As my coaching efforts increase, so does the necessity to be creative with my explanations of what I’m trying to convey. You can only say “Reach, Dammit, Reach” so many times before your student only hears “blah, blah, blah”. So I came up with a simple paddle exercise and a drill that does all the explaining for me, exhibits why reaching is so much more efficient, and helps you build a good reach into your stroke. I named it the Kalama 50/50 because that’s how we’re going to analyze your stroke. Not the most memorable name ever, but hey, at least fifty doesn’t begin with a K.
This exercise is for any kind of paddling, and it’s effective whether you try it in an OC-1, a SUP or even something low performance like a rotomolded kayak.
Use a more traditional Hawaiian style stroke for this exercise. A Tahitian stroke already emphasizes the front part of the stroke so it won’t show reach efficiency as clearly. This is a two part drill to show the effects of reaching versus paddling past your half way point of the stroke. What you are going to do is break the stroke into two parts, the front half and the back half. Then, once your mind wraps around the reality that reach is more important than power, we can work on the second part, making you faster and much, much more efficient.
First, a little prep. Sit in your OC, kayak, or stand on your board in your trimmed position and reach as far as you can. Loosen your grip on the paddle, stack your upper shoulder to the keep the paddle vertical. Push your lower shoulder forward as far as you can and let your upper shoulder move back to balance the movement. Let your top hand come a bit over your head. Strain forward a bit, reaching as far as you can. Mark the spot where the blade would touch your boat or board with contrasting tape so you can see it easily. Get back on the board or boat and try to get past the tape. Move the tape to whatever new spot you come up with. When you have as good a reach as you can do with moderate strain that’s your target. As you learn to use muscle stretch to increase your reach you’ll go well past it, but that’s for another time.
Now stroke a few times with your traditional stroke and see where you’re pulling out the paddle. In a canoe it’s probably somewhere around your waist, on a SUP it might be somewhere around your toes. If it’s past your waist or toes that’s fine, we want your natural stroke. People who paddle well past their feet are the most surprised by how little power that develops. Mark that paddle exit point with contrasting tape.
Now take your tape measure and find the midpoint between the two tape strips. Put a third strip there.
First I want you to just paddle the back half of your stroke for a few hundred feet. Put the paddle in at the mid mark and pull back as far as you want and as hard as you want. Just make sure that when you do the second half of the drill, you exert the same effort. Make a mental note of the speed and acceleration you generate. Now I want you to do only the front half of the stroke for a few hundred feet. Reach as far forward as you can and only pull back to the middle tape mark. Now make a mental note of the speed and acceleration, if you are able to use a GPS in the monitoring of the experiment, even better, but it’s such a big difference that you really won’t need it. I’ll let the results speak for themselves.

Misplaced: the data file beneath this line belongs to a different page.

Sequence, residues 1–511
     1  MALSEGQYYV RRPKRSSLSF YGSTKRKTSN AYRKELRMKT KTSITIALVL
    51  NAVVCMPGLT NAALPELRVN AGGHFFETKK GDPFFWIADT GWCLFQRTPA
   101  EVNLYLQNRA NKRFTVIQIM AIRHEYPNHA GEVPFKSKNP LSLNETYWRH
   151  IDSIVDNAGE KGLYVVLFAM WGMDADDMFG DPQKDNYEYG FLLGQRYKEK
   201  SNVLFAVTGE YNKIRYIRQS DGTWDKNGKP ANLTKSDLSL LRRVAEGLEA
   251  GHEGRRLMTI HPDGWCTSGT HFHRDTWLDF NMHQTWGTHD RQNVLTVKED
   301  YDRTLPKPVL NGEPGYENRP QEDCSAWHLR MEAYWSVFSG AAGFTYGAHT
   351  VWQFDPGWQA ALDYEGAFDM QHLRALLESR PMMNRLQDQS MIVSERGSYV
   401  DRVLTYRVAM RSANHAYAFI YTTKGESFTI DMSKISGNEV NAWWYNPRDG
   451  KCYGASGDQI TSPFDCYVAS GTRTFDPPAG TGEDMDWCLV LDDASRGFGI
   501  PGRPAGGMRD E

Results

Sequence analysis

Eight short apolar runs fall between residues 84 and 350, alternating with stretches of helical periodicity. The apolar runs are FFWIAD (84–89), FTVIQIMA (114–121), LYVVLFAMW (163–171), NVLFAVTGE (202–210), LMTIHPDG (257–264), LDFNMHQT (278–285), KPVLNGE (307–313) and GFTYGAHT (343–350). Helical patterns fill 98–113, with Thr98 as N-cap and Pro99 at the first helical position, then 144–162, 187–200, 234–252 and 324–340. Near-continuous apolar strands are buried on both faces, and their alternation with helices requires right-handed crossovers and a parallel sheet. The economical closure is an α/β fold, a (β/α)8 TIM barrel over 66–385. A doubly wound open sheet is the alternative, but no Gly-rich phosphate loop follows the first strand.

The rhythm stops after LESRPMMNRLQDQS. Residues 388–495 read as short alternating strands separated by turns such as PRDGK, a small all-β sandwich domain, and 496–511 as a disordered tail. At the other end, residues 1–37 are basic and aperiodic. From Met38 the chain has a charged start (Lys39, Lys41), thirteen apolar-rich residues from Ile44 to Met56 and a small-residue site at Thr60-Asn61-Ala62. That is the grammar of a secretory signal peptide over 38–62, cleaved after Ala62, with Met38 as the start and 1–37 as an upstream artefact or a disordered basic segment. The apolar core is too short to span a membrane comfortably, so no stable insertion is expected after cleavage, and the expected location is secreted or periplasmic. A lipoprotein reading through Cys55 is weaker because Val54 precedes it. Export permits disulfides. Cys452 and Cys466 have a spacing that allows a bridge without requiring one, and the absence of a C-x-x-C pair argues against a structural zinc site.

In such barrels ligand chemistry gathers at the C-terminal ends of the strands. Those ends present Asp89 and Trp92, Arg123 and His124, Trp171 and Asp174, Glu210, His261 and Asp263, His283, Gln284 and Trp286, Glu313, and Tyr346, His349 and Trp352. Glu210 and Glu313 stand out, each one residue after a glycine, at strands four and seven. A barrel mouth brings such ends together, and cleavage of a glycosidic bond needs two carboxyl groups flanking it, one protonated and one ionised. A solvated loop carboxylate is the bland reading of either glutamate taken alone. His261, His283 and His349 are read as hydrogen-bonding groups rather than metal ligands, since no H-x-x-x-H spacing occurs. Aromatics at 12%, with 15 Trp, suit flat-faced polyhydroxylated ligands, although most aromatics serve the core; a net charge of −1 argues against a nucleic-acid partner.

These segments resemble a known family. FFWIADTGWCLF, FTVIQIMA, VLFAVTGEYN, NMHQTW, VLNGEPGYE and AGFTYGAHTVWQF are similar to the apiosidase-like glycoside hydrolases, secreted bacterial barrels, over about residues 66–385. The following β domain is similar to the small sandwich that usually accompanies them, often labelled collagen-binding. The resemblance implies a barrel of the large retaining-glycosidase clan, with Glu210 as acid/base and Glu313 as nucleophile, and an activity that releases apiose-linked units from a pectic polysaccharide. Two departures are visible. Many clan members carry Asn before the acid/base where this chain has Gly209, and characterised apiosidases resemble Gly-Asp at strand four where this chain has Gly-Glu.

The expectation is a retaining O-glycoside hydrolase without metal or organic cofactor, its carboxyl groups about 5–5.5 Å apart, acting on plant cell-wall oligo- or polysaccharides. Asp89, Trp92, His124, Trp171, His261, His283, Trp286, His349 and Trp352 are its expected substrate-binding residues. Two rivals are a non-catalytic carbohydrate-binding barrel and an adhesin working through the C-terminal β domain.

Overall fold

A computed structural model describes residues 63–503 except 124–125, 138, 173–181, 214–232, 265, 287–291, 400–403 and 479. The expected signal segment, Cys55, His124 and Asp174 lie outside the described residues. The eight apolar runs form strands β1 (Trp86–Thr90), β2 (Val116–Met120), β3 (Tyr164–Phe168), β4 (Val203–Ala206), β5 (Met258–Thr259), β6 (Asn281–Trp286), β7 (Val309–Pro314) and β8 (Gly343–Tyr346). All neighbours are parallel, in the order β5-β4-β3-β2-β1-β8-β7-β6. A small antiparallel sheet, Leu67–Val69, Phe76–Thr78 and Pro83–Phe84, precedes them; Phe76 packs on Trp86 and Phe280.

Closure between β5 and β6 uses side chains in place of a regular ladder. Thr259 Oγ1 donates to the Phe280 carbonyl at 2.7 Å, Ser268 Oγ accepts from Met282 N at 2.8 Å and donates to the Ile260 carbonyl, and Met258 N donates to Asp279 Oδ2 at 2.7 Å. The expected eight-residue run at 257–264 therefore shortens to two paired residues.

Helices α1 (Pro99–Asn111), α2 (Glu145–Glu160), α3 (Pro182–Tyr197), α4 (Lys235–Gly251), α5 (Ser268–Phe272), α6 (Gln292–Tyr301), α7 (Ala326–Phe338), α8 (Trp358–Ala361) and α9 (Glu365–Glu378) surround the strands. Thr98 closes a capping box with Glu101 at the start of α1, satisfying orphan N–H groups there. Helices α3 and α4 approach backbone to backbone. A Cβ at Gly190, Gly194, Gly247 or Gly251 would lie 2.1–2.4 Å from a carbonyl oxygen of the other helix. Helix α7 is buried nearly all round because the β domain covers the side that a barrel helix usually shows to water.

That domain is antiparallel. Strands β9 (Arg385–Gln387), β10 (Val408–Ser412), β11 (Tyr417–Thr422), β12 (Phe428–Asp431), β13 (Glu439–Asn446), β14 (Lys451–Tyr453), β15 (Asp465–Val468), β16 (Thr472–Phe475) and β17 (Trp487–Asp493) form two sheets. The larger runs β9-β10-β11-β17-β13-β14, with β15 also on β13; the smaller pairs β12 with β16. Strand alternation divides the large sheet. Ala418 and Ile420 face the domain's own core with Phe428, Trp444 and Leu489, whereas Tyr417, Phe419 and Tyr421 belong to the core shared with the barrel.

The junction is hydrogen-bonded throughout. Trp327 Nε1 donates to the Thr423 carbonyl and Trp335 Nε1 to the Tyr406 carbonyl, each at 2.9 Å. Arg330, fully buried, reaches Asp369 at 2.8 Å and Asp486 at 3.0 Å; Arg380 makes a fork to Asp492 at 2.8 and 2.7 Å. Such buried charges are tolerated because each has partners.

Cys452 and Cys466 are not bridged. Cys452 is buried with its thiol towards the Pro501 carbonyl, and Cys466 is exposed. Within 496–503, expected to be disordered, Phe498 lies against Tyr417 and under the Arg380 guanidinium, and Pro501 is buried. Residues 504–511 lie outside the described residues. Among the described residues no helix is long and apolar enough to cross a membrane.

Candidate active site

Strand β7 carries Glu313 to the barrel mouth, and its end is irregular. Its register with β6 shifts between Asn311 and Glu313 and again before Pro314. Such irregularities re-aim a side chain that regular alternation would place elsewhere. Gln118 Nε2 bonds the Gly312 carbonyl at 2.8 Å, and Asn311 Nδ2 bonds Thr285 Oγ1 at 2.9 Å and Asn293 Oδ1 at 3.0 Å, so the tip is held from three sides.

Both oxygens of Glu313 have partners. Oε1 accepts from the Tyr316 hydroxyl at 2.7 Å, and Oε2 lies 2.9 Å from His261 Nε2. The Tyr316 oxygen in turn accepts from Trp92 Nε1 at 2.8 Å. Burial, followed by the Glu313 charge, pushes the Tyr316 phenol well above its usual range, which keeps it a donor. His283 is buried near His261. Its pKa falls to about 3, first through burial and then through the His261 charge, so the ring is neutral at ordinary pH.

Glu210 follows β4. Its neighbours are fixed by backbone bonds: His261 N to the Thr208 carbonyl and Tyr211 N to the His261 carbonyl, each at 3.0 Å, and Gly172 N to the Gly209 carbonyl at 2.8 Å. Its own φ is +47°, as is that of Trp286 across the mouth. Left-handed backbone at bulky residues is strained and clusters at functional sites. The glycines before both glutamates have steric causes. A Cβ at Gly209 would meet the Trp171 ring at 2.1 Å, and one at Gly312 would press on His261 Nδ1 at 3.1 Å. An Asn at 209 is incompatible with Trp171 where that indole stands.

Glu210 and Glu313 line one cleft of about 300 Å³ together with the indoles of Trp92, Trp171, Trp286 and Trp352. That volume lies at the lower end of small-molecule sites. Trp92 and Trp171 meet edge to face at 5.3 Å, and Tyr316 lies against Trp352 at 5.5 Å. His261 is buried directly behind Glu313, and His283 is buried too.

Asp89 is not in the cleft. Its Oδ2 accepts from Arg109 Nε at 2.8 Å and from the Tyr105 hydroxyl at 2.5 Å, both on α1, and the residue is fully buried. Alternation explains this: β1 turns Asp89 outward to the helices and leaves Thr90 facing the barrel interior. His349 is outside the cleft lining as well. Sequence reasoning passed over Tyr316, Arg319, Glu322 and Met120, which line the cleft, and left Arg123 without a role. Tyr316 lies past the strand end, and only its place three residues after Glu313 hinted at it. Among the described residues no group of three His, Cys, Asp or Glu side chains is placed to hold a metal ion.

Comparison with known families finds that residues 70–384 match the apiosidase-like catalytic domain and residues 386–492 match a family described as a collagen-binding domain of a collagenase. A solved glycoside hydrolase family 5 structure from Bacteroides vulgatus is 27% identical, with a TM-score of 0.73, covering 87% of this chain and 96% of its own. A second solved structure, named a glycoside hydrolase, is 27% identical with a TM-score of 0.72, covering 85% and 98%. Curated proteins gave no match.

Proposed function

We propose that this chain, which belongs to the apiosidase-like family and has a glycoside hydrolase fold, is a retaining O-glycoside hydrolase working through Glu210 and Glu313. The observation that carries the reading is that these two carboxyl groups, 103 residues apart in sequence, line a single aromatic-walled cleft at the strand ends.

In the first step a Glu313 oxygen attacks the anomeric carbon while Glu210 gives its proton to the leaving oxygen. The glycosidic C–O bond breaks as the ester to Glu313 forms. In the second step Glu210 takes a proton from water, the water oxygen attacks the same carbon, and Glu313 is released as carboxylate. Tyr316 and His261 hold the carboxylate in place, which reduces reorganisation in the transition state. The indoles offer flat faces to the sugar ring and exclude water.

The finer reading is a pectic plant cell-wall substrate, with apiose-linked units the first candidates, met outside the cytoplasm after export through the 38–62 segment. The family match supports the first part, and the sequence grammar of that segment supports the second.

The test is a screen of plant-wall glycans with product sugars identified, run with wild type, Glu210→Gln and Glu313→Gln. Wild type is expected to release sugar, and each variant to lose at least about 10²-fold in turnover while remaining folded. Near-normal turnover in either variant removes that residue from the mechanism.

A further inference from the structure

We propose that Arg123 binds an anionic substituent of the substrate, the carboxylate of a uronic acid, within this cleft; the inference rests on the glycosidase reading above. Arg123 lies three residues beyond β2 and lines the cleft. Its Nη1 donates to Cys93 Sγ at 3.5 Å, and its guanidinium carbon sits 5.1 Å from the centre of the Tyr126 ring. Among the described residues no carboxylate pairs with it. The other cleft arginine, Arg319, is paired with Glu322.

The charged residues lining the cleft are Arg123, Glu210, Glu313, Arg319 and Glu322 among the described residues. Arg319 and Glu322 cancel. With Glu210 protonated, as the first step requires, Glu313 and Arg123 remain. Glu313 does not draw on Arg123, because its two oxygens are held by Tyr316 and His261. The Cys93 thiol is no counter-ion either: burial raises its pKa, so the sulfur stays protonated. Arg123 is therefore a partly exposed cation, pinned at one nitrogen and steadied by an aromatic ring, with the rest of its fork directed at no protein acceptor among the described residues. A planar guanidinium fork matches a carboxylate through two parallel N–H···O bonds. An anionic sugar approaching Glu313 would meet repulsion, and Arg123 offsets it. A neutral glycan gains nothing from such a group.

Here’s a video that illustrates the drill:
But DON’T just watch the video and say “okay, I’m convinced, I don’t need to do the drill, I’ll reach harder”. There’s a big difference between watching a demonstration and experiencing the feelings. You wouldn’t even think of learning to ride a bicycle by watching a video. Your body needs to be convinced, it needs to know where power comes from. It can’t be just a theory.
Now here’s the second part. Now that you are convinced, I want you to leave the tape in place and concentrate on your reach and SMOOTHNESS for the next few weeks. Do not push to apply power. Adding power to your stroke is the easiest thing you can do, but it covers up all the technical flaws and mistakes in your paddling and it will not make you fast. Watch Danny Ching paddle some day. Sure, the dude has some shoulders, but his reach is huge, his application of catch and pull is so smooth the water just gurgles, and if he’s working hard it doesn’t show. Sure, he has a twenty year head start on you, but he didn’t get great by practicing mistakes, and neither will you.
Focus on reaching the tape with every stroke. Keep your form as clean as you can so your muscle memory for a good stroke will start to embed. Shoulders stacked, relaxed twist, Reach, Dammit, Reach, and then apply power gently and smoothly. Stop applying power as you reach the middle tape and just do the recovery however you’re used to doing it–right now we don’t care much about that piece. We’re focused on reach and smoothness now, don’t add any more complexity, this is tough enough.
Keep your cadence slow and hesitate slightly just before you push the paddle in order to load your upper body to it’s full potential and then unload on the paddle as you drive it down into the water. Some time in the first few hours of practicing this you will suddenly find this magical moment when your stroke merges with your boat or board, and everything flows effortlessly forward. It may not last, but you’ll know what we’re shooting for.
It’s quite a simple drill but it really helps to illustrate what part of the stroke is most important to focus on, and also shows why the Tahitians would spend most of their time focusing on the most effective part of the stroke. Hopefully after you’re convinced about how important reaching is, you’ll be inspired to focus on all the techniques that help you to maximize your reach to get the most out of your effort. I’ll show you more later, but for now, Reach, Dammit, Reach. Have fun.